The discount retailers have really picked up on this trend with Greek-themed offers throughout this summer. For example, Plus ( have a wide range of Greek products on offer this week. There is Imiglykos wine for €1.49 (you’d probably be prepared to sing-along to Costa Cordalis songs after this!), Eos Ouzo for €4.99 (ditto), Olive Oil from Krete, Zeus Zaziki and all manner of stuffed and marinated olives and peppers. It’s not just consumables on offer either: Plus also have a mosaic garden chair and table set, olive and pistachio trees, special dishes for the stuffed and marinated olives and all manner of table linen with an olive design on offer.


The other discounters such as Aldi and Lidl have also had their Greek ranges with everything from cookbooks to garden statues. So it certainly seems as if those that are unlucky enough not to have booked their flights to Greece early will never-the-less have ample opportunity to create their own Taverna in the back garden, sit back in their mosaic stools, slug back a bit of Ouzo and sing along to Costa Cordalis. For my part, I’m off to Paros at the end of September although it may well be that we’ll have had enough of Greece by then!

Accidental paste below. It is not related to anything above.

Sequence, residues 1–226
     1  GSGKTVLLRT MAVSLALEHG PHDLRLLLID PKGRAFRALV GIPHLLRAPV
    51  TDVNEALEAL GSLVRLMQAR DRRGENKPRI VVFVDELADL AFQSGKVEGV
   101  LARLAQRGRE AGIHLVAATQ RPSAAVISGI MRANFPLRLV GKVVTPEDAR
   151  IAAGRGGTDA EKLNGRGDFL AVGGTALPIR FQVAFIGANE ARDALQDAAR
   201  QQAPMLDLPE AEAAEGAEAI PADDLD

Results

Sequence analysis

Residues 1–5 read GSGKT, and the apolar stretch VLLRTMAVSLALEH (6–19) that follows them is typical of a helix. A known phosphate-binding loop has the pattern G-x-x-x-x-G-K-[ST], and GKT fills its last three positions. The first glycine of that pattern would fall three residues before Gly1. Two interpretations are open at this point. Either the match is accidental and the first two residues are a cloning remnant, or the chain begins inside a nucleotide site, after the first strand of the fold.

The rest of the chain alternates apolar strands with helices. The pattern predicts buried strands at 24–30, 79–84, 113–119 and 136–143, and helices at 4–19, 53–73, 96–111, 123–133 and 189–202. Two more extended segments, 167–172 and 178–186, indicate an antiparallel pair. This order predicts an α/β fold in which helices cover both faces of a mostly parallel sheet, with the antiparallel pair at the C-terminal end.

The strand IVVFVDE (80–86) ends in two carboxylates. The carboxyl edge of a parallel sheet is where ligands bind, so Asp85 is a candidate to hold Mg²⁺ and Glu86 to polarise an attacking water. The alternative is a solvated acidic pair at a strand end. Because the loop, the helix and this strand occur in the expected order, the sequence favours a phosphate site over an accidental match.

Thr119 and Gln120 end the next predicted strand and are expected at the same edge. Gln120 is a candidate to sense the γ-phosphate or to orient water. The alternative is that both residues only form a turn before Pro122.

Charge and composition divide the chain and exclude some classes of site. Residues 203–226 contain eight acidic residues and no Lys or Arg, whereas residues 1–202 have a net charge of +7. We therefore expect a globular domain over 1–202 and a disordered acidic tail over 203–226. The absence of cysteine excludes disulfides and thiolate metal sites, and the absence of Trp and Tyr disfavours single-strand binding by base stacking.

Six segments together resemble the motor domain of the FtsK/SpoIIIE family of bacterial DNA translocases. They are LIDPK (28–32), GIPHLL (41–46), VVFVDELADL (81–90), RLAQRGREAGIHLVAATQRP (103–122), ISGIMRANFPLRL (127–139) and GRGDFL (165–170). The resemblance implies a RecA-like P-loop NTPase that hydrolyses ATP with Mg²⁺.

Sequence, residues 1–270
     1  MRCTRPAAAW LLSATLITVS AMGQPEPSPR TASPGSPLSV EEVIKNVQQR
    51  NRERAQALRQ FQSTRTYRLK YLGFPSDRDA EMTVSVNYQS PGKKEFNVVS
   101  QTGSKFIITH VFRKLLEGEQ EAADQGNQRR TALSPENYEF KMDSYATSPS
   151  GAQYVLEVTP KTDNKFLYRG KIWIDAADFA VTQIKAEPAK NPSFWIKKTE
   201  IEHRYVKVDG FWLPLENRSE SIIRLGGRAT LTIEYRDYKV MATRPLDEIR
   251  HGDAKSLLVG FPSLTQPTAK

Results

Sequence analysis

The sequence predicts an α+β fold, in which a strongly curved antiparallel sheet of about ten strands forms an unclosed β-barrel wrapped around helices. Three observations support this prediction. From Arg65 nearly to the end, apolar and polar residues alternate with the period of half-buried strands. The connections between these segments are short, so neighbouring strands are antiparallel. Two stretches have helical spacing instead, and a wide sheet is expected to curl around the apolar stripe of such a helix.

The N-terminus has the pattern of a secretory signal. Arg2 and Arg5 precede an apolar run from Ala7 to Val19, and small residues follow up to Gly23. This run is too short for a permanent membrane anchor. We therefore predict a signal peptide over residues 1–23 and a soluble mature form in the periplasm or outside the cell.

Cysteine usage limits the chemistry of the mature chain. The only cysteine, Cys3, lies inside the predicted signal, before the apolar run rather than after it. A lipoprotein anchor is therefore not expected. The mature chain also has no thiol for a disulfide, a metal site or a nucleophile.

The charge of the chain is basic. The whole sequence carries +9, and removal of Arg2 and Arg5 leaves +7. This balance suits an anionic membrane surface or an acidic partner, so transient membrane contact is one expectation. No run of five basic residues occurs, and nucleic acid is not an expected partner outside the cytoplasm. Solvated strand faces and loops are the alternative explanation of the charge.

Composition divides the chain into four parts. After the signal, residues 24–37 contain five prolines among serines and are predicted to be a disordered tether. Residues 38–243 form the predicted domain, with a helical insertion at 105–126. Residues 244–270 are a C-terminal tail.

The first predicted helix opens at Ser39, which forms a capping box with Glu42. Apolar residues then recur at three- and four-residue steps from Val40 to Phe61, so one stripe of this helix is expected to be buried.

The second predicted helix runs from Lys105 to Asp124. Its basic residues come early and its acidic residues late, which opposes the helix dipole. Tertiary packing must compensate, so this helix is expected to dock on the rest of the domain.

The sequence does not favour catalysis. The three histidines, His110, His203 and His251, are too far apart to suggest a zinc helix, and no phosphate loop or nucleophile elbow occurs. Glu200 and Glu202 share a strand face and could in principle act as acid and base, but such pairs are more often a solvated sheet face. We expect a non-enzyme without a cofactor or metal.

Sometimes, looking back at Retrowurst, I wonder where to start, as the changes are so fundamental. But, I can safely say that the German passion for Greece is still very much alive and kicking like a mythical winged horse. The discounters are still celebrating Greek weeks with regularity, offering Mythos and other goodies.

Fifty friends of ours celebrated a 25th wedding anniversary in Matala recently, and the Greece newbies were every bit as enchanted as those who’d been visiting for decades. And last Sunday, our local band managed a rendition of Griechischer Wein just before the heavens opened and rain stopped play - and Fest.


Monday 24 July 2023

Coutts, Farage and the inclusivity paradox


A couple of years ago, I wrote a post entitled Your customers choose you. At the time, I believed that it was nigh-well impossible for a brand of any size to pick and choose its customers. Much as they’d like to. Coutts for example, state on their website that “Coutts clients are trailblazers and pioneers, the disrupters and challengers who help to shape the fabric of UK society.”

Dream on, Coutts, I would have thought a few weeks ago. You may have a few photogenic dazzling young movers and shakers, who you’ve displayed prominently on your website. But you’ve also got a heck of a lot of retired brigadiers and boring old conservative farts. And, people like Nigel Farage.